But, notwithstanding all these judgments, this evil continued among that people until our Saviour's days, who testified his indignation against it, by entering
the temple, and having made a scourge of small cords, he drove them all out that sold oxen, and sheep, and doves, and poured out the changers' money, and overthrew their tables*.
But what is all this to what we now behold? the mere selling the necessaries of life and the exchanging of money, which although restricted by our laws, evils of a more aggravated nature are tolerated, or at least not restrained or corrected? The Sabbath, by many is turned into their chief day of idleness, recreation, parties of pleasure, sinful sports and diversion, gaming, feasting, rioting and all manner of diversion! Shall I not visit for these things saith the Lord, and shall not my soul be avenged on such a people as this?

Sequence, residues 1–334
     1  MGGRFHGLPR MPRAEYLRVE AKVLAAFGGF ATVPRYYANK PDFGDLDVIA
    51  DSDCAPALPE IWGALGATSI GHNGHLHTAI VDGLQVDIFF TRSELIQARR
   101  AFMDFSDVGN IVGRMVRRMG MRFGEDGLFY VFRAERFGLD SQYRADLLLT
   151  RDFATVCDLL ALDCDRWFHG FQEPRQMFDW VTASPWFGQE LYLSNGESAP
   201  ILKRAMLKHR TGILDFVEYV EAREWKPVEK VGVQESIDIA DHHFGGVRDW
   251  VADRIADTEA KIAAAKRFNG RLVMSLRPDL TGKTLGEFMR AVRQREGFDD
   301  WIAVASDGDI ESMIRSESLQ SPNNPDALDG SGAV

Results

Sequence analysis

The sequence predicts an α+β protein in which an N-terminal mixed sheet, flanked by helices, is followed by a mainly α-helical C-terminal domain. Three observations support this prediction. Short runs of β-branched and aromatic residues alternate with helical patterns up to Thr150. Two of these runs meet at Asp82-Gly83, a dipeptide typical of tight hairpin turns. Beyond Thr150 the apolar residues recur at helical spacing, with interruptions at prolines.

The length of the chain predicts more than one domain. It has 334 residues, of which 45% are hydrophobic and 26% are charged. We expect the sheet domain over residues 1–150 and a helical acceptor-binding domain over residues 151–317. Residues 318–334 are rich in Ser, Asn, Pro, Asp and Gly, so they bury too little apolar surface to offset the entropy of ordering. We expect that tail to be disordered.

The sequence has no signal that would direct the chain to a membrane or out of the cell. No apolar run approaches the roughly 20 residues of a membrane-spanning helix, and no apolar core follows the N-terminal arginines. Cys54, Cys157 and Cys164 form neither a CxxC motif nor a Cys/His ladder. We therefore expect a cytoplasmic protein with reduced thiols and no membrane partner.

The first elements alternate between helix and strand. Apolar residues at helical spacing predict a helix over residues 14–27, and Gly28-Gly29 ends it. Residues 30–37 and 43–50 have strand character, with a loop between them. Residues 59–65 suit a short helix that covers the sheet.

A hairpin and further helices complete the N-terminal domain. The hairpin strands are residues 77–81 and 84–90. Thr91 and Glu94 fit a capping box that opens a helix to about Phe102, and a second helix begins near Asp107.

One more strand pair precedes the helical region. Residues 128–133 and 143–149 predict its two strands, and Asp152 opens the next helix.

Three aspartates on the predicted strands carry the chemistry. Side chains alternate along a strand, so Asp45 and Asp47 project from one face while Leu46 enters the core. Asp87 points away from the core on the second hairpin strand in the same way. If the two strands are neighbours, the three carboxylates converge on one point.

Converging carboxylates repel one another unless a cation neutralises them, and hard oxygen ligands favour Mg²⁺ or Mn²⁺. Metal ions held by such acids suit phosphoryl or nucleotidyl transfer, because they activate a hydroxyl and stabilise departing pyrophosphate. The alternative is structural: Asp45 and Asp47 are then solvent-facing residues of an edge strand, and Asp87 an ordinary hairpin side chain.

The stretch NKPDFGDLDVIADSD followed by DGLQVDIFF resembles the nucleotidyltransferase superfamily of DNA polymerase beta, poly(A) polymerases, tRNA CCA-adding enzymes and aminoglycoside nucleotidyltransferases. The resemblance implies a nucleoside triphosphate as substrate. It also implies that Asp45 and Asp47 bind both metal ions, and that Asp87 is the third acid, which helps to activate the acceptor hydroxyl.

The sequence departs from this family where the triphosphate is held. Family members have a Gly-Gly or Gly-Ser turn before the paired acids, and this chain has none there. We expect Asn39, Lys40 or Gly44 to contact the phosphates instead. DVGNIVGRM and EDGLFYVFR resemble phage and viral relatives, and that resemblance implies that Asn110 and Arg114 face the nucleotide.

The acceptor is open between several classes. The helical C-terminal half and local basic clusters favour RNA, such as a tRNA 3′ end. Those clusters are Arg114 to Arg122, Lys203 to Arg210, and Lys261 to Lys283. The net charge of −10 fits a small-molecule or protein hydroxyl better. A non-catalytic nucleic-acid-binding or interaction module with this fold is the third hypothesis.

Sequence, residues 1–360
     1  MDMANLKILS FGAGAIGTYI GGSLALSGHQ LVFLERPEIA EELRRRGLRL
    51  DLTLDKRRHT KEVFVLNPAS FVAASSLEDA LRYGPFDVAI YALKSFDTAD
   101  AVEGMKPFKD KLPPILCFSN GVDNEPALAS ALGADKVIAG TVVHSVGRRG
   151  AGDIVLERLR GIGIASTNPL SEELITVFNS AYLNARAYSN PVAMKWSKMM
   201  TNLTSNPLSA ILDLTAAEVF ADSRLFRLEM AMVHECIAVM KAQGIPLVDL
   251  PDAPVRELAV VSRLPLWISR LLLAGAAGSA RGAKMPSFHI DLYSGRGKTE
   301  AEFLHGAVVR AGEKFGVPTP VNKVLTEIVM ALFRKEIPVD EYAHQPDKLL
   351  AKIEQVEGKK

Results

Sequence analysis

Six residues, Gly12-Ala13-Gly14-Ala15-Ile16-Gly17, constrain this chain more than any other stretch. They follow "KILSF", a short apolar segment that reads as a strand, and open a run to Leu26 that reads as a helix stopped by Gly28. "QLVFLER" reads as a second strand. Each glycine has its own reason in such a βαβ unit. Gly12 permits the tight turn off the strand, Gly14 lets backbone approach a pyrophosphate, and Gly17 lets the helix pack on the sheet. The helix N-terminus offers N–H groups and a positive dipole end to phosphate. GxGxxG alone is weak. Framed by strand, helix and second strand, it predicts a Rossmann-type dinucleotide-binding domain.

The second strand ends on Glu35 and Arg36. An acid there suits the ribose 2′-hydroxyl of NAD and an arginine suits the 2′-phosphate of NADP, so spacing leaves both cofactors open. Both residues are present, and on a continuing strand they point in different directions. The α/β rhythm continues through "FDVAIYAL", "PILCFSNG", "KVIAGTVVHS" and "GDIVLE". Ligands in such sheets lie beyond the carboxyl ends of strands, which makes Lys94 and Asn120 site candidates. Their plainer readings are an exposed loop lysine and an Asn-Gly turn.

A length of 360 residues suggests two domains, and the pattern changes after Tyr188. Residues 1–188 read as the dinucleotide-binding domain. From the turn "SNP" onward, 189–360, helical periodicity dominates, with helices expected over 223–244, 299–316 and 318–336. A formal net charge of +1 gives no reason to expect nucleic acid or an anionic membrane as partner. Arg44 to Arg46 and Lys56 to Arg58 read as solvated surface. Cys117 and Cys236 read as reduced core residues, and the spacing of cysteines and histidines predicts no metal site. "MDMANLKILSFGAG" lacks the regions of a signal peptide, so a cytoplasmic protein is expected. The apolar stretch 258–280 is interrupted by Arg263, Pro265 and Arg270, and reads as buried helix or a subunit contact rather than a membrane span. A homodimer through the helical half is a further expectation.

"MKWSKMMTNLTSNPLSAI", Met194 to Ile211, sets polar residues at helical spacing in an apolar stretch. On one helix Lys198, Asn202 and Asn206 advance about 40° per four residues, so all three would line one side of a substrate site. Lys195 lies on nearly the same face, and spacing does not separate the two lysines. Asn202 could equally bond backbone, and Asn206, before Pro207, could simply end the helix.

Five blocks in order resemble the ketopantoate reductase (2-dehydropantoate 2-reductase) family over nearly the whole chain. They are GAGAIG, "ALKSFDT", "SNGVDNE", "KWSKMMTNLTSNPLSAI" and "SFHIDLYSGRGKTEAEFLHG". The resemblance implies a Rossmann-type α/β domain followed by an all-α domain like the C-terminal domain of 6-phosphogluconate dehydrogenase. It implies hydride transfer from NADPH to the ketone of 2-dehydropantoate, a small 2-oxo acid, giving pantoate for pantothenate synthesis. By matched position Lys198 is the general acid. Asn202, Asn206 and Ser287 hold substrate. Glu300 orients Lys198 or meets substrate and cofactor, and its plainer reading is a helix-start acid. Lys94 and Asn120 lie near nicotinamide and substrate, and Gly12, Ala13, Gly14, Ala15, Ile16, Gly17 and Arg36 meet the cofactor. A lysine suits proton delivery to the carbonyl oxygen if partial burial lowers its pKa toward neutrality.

O ye Rulers and Judges of the land! ye masters and heads of families, among whom, blessed be God, we have yet illustrious examples of those who honour God's holy name and the places of his worship! I know you will bear with the expostulations, which the faithful discharge of my duty requires on this solemn day!
If the Jews, when under the government of God himself, and especially instructed by his inspired messengers and prophets, came to humble themselves under his judgments, and to implore his mercy and renew their covenant of obedience with Him; I say, if then they thought it their duty, to testify their sincerity with an oath, and to swear with a loud voice, and with shouting, and with trumpets, and
• John, chap. ii. 14, 15.
with cornets, “ That whosoever would not seek the “ Lord God of their fathers, whether small or great, “ man or woman, should be put to death”—and if this punishment was inflicted on those who continued in idolatry, which was in some sort the acknowledgment of a god, or gods, although false ones—what punishment can be due to those who not only discountenance and refuse the worship of the true God, but openly profane, blaspheme, or deny His holy name?